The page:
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A Grim History Repeats at the Fed

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Farmers descended on Washington to protest high interest rates in 1979.
Charles Harrity/AP/Shutterstock

About the author: Robert Heller is a former member of the Federal Reserve Board of Governors.

As Milton Freedman said in 1970, “Inflation is always and everywhere a monetary phenomenon.” Little has changed since then.

For most of the 1970s, Arthur Burns was chairman of the Federal Reserve Board. Inflation was rampant, just like now. Consumer price inflation averaged nearly 7% during his term. As Friedman diagnosed correctly, this rapid inflation was mainly caused by increases in the money supply of over 12% in the years 1971-72 and 1976-77. Instead, Burns attributed the price increases mainly to wage pressures, monopoly power, and the oil shock of the early 1970s.

Sound familiar? Inflation is again soaring, and the Fed blames supply constraints caused by the pandemic while neglecting to look at the increasing money supply as the main cause. It’s always easier to blame external factors rather than something that you control and have responsibility for.

I had the honor of serving under Chairman Paul Volcker on the Federal Reserve Board starting in 1986, when he was trying to bring inflation under control. President Jimmy Carter had appointed Volcker in August 1979 with the mandate to reduce the double-digit inflation rate. President Ronald Reagan confirmed this objective after he took office. With determination, Volcker raised the federal-funds rate to 20% by June 1981 and reduced the growth of the money supply. Not one, but two back-to-back recessions resulted.

The situation in Washington was tense while the monetary policy medicine took its course. But Volcker and the board prevailed and reduced the annual growth rate of the money supply from over 12.6% in 1979 to a much more reasonable 5.3% when he left the Fed in August 1987. Alan Greenspan continued the anti-inflationary policies. By the time I left the board in 1989, consumer price increases had moderated to only 4.6%.

The Fed was on its way to defeating inflation and keeping it under control for the rest of the century. The falling interest rates that accompanied the decline in inflation were a welcome side effect. These low rates supported decades of growth and prosperity.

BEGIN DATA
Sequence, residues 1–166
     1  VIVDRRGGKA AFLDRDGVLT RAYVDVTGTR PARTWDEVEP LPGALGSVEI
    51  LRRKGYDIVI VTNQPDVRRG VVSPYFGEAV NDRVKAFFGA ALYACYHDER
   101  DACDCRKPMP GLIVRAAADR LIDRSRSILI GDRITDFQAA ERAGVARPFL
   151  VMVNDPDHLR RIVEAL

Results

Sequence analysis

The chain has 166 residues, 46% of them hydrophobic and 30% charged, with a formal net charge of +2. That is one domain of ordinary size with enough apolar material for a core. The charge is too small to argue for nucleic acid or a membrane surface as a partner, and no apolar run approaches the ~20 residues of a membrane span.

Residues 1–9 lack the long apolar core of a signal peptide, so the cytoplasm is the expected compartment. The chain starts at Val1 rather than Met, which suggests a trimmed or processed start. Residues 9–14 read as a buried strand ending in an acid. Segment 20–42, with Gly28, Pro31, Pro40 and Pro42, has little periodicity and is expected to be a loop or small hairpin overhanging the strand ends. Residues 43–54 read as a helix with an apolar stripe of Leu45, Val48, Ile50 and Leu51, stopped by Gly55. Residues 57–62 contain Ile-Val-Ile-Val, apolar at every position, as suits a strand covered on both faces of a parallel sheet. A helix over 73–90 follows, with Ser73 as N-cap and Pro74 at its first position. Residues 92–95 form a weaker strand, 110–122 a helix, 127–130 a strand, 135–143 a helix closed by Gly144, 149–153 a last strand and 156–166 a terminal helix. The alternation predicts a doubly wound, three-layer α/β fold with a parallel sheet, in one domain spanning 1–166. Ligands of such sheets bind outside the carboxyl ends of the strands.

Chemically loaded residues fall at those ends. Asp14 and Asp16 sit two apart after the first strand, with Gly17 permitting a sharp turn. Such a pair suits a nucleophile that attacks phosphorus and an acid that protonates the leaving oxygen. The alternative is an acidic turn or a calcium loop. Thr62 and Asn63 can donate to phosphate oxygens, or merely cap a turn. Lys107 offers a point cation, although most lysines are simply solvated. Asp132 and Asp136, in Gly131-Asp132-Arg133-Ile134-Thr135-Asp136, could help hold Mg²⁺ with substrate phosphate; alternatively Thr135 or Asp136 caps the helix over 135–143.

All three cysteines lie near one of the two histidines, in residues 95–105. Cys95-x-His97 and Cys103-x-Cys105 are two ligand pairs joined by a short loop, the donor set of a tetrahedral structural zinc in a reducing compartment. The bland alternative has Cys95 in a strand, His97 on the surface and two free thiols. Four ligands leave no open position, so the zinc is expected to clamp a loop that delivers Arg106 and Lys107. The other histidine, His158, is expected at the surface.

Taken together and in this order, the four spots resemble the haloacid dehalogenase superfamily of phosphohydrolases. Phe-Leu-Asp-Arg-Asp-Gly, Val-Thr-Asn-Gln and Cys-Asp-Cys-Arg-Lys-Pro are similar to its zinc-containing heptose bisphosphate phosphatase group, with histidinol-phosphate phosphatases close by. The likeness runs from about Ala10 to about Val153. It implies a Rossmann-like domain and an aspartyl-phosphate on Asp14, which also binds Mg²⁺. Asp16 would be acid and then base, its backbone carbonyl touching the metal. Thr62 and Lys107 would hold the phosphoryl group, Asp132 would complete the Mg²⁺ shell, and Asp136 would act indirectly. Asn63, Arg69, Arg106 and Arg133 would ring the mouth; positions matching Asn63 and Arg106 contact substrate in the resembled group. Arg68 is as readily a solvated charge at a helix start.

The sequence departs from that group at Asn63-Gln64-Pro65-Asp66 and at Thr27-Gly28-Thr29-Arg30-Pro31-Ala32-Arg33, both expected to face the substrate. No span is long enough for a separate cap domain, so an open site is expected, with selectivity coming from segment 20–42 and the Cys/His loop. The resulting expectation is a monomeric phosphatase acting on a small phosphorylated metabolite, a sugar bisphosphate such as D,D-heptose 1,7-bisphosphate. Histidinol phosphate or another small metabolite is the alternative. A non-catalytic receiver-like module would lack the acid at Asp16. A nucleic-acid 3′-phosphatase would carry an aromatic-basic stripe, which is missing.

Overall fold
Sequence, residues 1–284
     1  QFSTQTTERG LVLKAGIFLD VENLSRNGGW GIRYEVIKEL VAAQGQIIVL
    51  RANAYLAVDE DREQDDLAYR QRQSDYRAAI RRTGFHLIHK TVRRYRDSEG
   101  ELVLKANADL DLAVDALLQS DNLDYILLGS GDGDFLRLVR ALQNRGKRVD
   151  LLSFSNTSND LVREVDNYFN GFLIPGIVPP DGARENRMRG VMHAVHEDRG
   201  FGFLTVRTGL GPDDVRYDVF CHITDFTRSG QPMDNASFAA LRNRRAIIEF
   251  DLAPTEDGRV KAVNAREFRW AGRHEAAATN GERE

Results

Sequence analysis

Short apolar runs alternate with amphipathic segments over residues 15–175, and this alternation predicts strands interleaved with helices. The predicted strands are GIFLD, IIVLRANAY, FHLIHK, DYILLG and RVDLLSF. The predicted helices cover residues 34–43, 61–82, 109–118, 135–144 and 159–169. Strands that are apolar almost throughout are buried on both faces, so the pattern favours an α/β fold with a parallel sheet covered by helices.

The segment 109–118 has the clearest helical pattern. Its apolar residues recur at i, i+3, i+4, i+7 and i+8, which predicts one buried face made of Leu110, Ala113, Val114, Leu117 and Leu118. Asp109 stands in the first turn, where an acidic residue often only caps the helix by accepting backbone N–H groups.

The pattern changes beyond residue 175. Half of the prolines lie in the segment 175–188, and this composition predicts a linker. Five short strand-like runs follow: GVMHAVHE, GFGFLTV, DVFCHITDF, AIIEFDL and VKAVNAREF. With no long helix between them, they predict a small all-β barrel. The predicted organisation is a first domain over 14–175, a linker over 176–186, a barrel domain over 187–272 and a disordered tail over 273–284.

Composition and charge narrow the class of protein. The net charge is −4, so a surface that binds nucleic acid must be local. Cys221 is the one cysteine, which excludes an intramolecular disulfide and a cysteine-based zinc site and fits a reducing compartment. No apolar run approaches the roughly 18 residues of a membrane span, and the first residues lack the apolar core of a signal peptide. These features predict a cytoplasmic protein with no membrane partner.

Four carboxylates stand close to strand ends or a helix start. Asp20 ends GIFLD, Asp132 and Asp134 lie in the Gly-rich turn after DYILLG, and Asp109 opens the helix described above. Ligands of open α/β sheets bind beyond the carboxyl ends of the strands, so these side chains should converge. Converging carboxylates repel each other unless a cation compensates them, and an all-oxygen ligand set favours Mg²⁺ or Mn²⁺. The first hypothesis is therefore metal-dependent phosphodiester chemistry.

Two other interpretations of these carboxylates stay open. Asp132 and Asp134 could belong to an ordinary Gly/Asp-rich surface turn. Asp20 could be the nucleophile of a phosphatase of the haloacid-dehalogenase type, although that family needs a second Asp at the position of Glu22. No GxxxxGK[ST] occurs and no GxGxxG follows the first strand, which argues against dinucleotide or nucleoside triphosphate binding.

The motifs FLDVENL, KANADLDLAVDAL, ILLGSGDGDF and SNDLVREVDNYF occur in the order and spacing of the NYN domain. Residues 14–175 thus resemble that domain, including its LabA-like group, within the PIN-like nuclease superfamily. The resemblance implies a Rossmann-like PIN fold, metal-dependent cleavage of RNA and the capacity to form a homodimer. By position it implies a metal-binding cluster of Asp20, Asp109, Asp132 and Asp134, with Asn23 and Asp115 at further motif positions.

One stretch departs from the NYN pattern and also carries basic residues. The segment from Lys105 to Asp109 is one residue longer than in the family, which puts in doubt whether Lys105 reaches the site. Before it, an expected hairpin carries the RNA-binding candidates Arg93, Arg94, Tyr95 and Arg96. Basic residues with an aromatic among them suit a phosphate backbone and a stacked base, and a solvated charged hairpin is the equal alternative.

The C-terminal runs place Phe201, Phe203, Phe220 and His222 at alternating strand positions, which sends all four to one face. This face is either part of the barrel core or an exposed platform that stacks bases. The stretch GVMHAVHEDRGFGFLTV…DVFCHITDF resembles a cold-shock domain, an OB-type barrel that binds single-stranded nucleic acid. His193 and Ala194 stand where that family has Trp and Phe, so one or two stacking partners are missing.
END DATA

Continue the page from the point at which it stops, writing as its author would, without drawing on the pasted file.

Fast forward to 2020. In response to the sharpest recession in U.S. history, the government instituted unprecedented fiscal stimulus measures that sharply increased the federal deficit. The Federal Reserve supported these fiscal actions by buying up much of the newly issued debt. As a result, the ratio of debt to gross domestic product reached a record 136%, while the M2 money supply skyrocketed from $15 trillion in January 2020 to $21 trillion in November 2021.

Largely unrelated to the pandemic, but occurring at the same time, the Federal Reserve implemented a significant change in its operating procedures and long-term strategy. After extensive deliberations, the Fed revised its “Statement on Longer-Run Goals and Monetary Policy Strategy” in August 2020. In it, the Fed essentially tossed the congressional mandate for “price stability” or zero inflation overboard and reaffirmed its target of 2% for the Personal Consumption Expenditures Price index. It added the explicit proviso that periods of sub-2% inflation should be compensated by periods of above-2% price increases. Amazingly, the words “money” or “money supply” are nowhere to be found in this statement on monetary-policy strategy.

This change in strategy opened the gates for an excessively expansive monetary policy after a decade of rather subdued inflation. When the pandemic hit, the Fed engaged in massive quantitative easing through the purchase of Treasury bonds and mortgage-backed securities that resulted in 25% money growth. These actions were flanked by direct lending by the Fed to the public under a dozen Section 13(3) facilities.

Just as Friedman predicted, prices reacted with a lag. At the end of 2021, producer prices were soaring at a rate of nearly 10% and consumer prices were rising at over 7% year over year.

At the beginning of 2022, inflation is again running at full steam. However, the Fed is still pursuing a highly accommodative monetary policy by buying billions of Treasuries and mortgage-backed securities every month. How does it make sense to buy these instruments, while housing prices are exploding at an annual clip of nearly 20%? In addition, the Fed is still holding its foot on the gas pedal by maintaining the fed-funds rate at essentially zero. The Fed continues to provide more fuel for an already soaring inflation.

Even more disconcerting may be the fact that during the past two years, the Fed not even once mentioned the word “money” in its official press releases at the conclusion of each Federal Open Market Committee meeting. One must ask how an institution charged with the control and implementation of monetary policy can be so negligent and dismissive of the key asset—money—over which it exercises total control, and which is at the fulcrum of the implementation of monetary policy. How long does it take to change an irrational policy that is clearly inconsistent with the congressional mandate for price stability?

Just like Arthur Burns, the current Fed leadership is ignoring the sharp increase in the money supply during the past two years and instead is blaming external factors. As a result, inflation is again soaring. History is repeating itself.

Milton Friedman will be turning in his grave.

Guest commentaries like this one are written by authors outside the Barron’s and MarketWatch newsroom. They reflect the perspective and opinions of the authors. Submit commentary proposals and other feedback to

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